Friday, March 27, 2015
Tennessee Whiskey, Again
The Great Tennessee Whiskey Debate, about to resume in the Tennessee legislature, has involved a lot of misdirection and misinformation, some deliberate, some just ignorant. Without going through every jot and tittle, here is the gist of it.
'Louisiana whiskey' merely means whiskey made in Louisiana because there is no expectation that it means more than that. Likewise 'Ohio whiskey,' or whiskey made in any other state, except Kentucky and Tennessee. Certainly there is pride of place in every case, but no one has ever identified 'Louisiana whiskey' as a whiskey style. It is simply a statement of geographic origin.
There are those who say, "right, and that's all 'Tennessee whiskey' should be, a statement of geographic origin."
But if you are given a ten, why would you want to trade down to a two? That's the essence of the argument. Imagine, if you will, the Wisconsin legislature passing a law that says, "truthfully, cheese made in Wisconsin is no different or better than cheese made in any other state and we apologize for suggesting otherwise."
Most people understand Tennessee whiskey to mean a bourbon-style whiskey filtered through maple charcoal. Even if they don't know those details, everyone who drinks whiskey knows that Tennessee whiskey means Jack Daniel's, George Dickel, or something similar and not just any whiskey made in Tennessee. That represents an extraordinary benefit for distillers in Tennessee, an advantage no other state gives them. It makes Tennessee more attractive than any other state as a location for distillers.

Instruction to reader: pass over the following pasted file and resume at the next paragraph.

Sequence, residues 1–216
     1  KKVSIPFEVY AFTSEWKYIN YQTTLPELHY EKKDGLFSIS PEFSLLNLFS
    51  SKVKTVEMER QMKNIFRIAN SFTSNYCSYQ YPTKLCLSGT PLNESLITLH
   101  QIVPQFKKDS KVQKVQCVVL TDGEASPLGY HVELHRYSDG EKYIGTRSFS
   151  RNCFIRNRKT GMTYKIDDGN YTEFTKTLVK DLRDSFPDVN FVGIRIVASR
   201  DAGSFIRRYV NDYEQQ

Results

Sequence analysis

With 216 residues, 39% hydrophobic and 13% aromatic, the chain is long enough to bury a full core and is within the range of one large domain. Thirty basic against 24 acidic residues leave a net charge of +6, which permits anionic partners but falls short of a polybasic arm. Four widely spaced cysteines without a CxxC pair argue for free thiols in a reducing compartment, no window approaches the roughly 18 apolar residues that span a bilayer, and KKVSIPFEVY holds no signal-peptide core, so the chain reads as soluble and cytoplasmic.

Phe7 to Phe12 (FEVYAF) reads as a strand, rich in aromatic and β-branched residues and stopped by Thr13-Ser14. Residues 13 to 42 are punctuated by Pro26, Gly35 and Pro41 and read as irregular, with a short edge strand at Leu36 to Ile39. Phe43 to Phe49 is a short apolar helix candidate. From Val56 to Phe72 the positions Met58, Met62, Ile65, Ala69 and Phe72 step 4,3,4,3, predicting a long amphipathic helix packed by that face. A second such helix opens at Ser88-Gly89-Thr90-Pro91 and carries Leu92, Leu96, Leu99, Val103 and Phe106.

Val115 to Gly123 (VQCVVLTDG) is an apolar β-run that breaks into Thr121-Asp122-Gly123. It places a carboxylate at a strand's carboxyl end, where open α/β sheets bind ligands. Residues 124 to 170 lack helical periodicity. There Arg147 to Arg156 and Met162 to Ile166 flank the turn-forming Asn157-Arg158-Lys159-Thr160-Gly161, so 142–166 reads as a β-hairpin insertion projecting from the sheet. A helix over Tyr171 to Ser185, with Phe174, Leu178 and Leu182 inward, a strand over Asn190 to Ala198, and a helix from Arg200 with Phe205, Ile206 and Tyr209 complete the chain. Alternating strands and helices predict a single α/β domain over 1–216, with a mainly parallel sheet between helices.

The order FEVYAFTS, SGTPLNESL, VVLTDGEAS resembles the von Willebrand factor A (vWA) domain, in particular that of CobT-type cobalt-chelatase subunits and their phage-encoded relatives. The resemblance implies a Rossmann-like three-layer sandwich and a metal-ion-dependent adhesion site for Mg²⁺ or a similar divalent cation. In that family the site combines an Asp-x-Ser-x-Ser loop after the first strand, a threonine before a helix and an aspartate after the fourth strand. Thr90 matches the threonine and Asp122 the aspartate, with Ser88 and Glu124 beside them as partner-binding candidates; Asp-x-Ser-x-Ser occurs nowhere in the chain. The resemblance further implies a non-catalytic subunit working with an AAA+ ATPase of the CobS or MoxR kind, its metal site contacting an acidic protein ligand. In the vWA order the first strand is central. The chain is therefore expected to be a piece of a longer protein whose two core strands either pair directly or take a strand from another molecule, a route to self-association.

Even the distillers who oppose the current law understand what it means, they just want the benefit without doing the work. They are misguided, however, because consumers aren't that stupid. If you render the designation 'Tennessee whiskey' meaningless, consumers will figure that out pretty quickly.
And if you sell them a 'Tennessee whiskey' that tastes like used dishwater, they won't buy a second bottle.
The current law defining Tennessee whiskey is very good for Tennessee as a whole and for whiskey-makers in Tennessee. There are some who argue that it's such an unfair advantage, the U.S. Supreme Court should find it unconstitutional. Only an idiot would want to throw that away.